Mr. Daniel, together with the Chapter 13 Trustee subsequently added as a necessary Plaintiff, sought to avoid a pre-petition foreclosure by his homeowner’s association of his residence (in which the upset period had elapsed prior to filing of the bankruptcy) pursuant to 11 U.S.C. § 548(a)(1), as it had occurred within two years prior to the filing of the bankruptcy, had made the Debtor insolvent and provided less than “reasonably equivalent value” in exchange for the transfer. Jones Family Holdings (“JFH”), the highest bidder and purchaser of the property, moved to dismiss for failing to adequately state a claim, as it is a good faith, third party purchaser protected by state law, and that the Rooker-Feldman doctrine, res judicata, and collateral estoppel prevent the Daniel from bringing a claim.
In order to survive a motion to dismiss for failure to state a claim, the court restated that Mr. Daniel and the Chapter 13 Trustee “must merely demonstrate the plausibility of their claim, element by element.” It was not contested that the foreclosure had occurred within two years of the bankruptcy nor that the loss of the his home, which was Mr. Daniel’s primary asset and had substantial equity, caused his insolvency. The only issue which JFH contested was whether Mr. Daniel had received “reasonably equivalent value” for the transfer.
Following BFP v. Resolution Trust Corp., 511 U.S. 531 (1994), which held that the price received at a mortgage foreclosure sale conclusively establishes reasonably equivalent value if state foreclosure law requirements had been met, and Hollar v. Myers (In re Hollar), 184 B.R. 243, 252 (Bankr. M.D.N.C. 1995), which extended BFP to forced sales for tax liens, the bankruptcy court found the same applied to sales by homeowner’s associations. See also Callaway v. Cimarron Homeowners Ass’n (In re Roszkowski), 494 B.R. 671, 680 (Bankr. E.D.N.C. 2013).
Under North Carolina law a merely inadequate final bid is insufficient to overturn a foreclosure. Instead there must be some material irregularity in the sale. Beneficial Mortg. Co. of N.C. v. Peterson, 592 S.E.2d 724, 728 (N.C. App. 2004). Mr. Daniel alleged, however, that the substitute trustee breached his fiduciary duty to the Mr. Daniel by acting as the sale trustee while also representing the Association and presenting evidence to the Clerk, in so doing violating the neutrality of the substitute trustee’s role by failing to maximize the sales price and instead acting as advocate for the homeowner’s association in merely seeking sufficient funds to satisfy its lien.
The bankruptcy court held that, despite a previous ruling denying a stay of eviction of Mr. Daniel from the property as he was unlikely to ultimately prevail, to survive a motion to dismiss, Mr. Daniel merely had to demonstrate a plausible claim, which he had.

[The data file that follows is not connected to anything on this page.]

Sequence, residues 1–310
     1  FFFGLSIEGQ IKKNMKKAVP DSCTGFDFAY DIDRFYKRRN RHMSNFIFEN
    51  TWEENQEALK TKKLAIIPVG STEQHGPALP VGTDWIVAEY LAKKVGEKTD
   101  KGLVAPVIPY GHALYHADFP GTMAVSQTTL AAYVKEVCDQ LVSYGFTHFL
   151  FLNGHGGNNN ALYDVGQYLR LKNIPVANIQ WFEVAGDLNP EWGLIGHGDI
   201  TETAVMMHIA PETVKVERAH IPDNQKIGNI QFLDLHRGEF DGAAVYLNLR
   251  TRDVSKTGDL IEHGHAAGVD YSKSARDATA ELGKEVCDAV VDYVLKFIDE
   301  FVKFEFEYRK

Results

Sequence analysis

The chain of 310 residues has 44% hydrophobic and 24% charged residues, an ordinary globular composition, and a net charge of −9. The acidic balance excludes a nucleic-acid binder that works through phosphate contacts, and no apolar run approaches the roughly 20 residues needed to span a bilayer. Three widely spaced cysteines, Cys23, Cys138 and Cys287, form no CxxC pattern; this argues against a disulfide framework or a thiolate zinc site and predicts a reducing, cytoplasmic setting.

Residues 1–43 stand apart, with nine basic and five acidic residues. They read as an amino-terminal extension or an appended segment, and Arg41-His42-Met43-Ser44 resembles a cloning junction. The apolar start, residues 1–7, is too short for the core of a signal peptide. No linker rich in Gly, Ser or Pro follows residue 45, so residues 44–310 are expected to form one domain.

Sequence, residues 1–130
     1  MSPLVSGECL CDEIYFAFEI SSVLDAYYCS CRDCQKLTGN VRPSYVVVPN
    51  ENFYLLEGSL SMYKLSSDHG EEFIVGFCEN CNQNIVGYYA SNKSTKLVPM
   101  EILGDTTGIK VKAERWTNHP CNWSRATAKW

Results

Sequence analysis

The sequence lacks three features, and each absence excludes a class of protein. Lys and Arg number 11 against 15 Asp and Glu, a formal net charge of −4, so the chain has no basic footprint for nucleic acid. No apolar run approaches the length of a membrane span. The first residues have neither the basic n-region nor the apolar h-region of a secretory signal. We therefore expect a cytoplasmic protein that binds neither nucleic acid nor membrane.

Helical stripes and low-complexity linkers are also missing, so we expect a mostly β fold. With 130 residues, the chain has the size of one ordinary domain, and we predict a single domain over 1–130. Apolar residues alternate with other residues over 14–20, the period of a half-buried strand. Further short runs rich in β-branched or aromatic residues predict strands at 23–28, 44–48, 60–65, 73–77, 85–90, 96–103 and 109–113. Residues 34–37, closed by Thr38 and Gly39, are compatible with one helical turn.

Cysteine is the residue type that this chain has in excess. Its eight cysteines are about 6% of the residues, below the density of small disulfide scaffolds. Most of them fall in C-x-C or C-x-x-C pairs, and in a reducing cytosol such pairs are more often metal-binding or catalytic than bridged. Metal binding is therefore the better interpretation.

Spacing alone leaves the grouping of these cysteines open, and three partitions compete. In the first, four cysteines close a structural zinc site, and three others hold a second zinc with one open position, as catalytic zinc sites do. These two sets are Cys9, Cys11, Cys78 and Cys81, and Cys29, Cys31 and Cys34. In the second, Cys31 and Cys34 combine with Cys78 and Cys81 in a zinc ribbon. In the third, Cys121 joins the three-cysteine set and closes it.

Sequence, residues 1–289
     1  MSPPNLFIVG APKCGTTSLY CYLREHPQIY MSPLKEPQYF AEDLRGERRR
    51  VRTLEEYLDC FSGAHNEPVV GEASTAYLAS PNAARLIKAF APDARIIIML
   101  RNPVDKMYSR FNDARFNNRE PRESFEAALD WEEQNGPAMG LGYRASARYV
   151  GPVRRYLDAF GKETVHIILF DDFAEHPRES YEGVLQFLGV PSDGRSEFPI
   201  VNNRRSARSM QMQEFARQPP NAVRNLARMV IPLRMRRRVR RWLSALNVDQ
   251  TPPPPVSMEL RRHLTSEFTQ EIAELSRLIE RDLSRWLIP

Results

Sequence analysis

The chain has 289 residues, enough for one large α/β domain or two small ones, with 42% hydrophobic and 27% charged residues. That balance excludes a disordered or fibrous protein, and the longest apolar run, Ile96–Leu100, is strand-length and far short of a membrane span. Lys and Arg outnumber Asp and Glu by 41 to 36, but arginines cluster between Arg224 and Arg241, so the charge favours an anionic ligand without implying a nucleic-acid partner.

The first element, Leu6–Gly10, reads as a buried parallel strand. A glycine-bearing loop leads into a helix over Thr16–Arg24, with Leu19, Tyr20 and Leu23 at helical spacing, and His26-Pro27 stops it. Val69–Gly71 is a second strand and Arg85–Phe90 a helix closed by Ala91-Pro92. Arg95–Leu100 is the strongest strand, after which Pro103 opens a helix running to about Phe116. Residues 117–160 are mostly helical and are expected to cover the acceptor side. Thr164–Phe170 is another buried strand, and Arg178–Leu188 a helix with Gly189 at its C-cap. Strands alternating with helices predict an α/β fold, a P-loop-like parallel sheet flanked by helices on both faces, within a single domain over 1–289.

As to JFH contention that it was insulated from recovery as a good faith, third party purchaser, the bankruptcy court held that a Trustee can recover from an initial transferee. Further, the res judicata/estoppel and Rooker-Feldman defenses failed both because the Trustee was not a party to the earlier litigation and also because the § 548 cause of action was not (and could not) have been raised in the pre-bankruptcy state court case.
Despite finding that Mr. Daniel stated a sufficiently plausible claim to satisfy the relatively low standard to survive a motion to dismiss for failure to state a claim, not only had he failed to show a likelihood of success on the merits to obtain a preliminary injunction to retain possession of his house, but he subsequently also failed to meet the burdens for confirmation. There the bankruptcy court held that, in conjunction with the odor that arose from his purchase of a new car mere hours before filing bankruptcy, Mr. Daniel’s “attempt to circumvent” the unfavorable state court foreclosure “constitutes an improper purpose” for filing bankruptcy. See, e.g., In re Lundahl, 307 B.R. 233, 246–47 (Bankr. D. Utah 2003) and In re McGovern, 297 B.R. 650, 659 (S.D. Fla. 2003). As such, confirmation of his case was denied as neither the plan nor case were filed in good faith.
The North Carolina State Bar has held in 2014 FEO 2 that a lawyer representing a party by serving as the substitute trustee in a contested foreclosure proceeding cannot also represent that party in the proceeding. This, while unmentioned in this opinion, it does give a basis for asserting a material irregularity in sales. A future case, where the debtor is not tainted with other factors indicating bad faith, could stand a better chance of prevailing.
Foreclosure firms should advise their clients, whether homeowner’s associations or mortgage holders, that the roles of substitute trustee and attorney for the creditor need to be separated. This would seem to be beneficial to law firms, since then two firms get paid for each foreclosure rather than one.
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